You can use any other AWS region where Amazon EKS is available. Just avoid the us-east-1 region, because issues have been observed in this region.

Please be patient! Creating an EKS cluster usually takes around 15 minutes.

While you wait for the cluster being created, you have some time to think about Amazon EKS.

Amazon EKS is a managed Kubernetes service, in the sense that AWS runs the Kubernetes control plane for you.

That means, AWS runs the master nodes, and you run the worker nodes.

AWS runs three master nodes in three availability zones in your selected region.

  • Amazon Elastic Kubernetes Service (EKS) is the managed Kubernetes offering of AWS. It allows you to create a resilient Kubernetes cluster running on the AWS infrastructure.
    1/5

    Amazon Elastic Kubernetes Service (EKS) is the managed Kubernetes offering of AWS. It allows you to create a resilient Kubernetes cluster running on the AWS infrastructure.

  • AWS creates three master nodes. The three master nodes are deployed in three different availability zones.
    2/5

    AWS creates three master nodes. The three master nodes are deployed in three different availability zones.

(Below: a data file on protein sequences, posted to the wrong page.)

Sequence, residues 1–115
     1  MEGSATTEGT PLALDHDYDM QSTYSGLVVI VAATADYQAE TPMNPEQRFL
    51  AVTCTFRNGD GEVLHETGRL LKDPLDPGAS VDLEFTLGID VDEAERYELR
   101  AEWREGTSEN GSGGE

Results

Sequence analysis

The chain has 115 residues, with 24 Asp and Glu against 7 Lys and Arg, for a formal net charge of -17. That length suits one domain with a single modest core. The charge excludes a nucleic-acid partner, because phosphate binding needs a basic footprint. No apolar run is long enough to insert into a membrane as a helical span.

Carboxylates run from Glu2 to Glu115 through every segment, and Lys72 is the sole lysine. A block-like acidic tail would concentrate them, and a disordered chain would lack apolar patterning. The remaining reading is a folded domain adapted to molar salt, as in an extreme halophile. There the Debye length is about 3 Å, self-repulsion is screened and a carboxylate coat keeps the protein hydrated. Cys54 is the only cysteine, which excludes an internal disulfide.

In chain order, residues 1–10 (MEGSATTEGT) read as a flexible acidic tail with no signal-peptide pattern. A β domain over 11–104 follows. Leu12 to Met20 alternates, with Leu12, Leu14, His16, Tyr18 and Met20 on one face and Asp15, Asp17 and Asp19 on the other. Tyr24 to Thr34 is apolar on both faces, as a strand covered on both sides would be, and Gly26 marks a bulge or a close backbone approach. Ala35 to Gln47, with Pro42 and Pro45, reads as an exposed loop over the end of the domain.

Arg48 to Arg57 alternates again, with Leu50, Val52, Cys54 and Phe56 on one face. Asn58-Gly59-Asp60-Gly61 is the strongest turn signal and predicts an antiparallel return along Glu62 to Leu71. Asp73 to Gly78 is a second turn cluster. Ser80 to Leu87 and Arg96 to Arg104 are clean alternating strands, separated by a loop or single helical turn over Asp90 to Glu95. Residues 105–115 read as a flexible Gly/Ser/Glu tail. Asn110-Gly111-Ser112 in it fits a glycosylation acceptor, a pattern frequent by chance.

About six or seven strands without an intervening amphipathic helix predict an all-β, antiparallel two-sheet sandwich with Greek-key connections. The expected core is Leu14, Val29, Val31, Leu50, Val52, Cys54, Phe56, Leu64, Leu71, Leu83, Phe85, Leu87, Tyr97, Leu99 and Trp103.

• An Application Load Balancer (ALB) distributes the traffic to the three API servers on the master nodes.
    3/5

    An Application Load Balancer (ALB) distributes the traffic to the three API servers on the master nodes.

  • There are also three etcd instances. They sync between themselves. Even if one availability zone is lost, the cluster can still operate correctly.
    4/5

    There are also three etcd instances. They sync between themselves. Even if one availability zone is lost, the cluster can still operate correctly.

  • There are also three etcd instances. They sync between themselves. Even if one availability zone is lost, the cluster can still operate correctly.
    5/5

    There are also three etcd instances. They sync between themselves. Even if one availability zone is lost, the cluster can still operate correctly.

You have no access to the master nodes.

But you have full control over the worker nodes.

The worker nodes are ordinary Amazon EC2 instances in your AWS account.

Once the eksctl command completes Amazon EKS cluster should be ready!

You can list the two worker nodes of your cluster with:

bash

kubectl get nodes
NAME                                           STATUS   ROLES    AGE   VERSION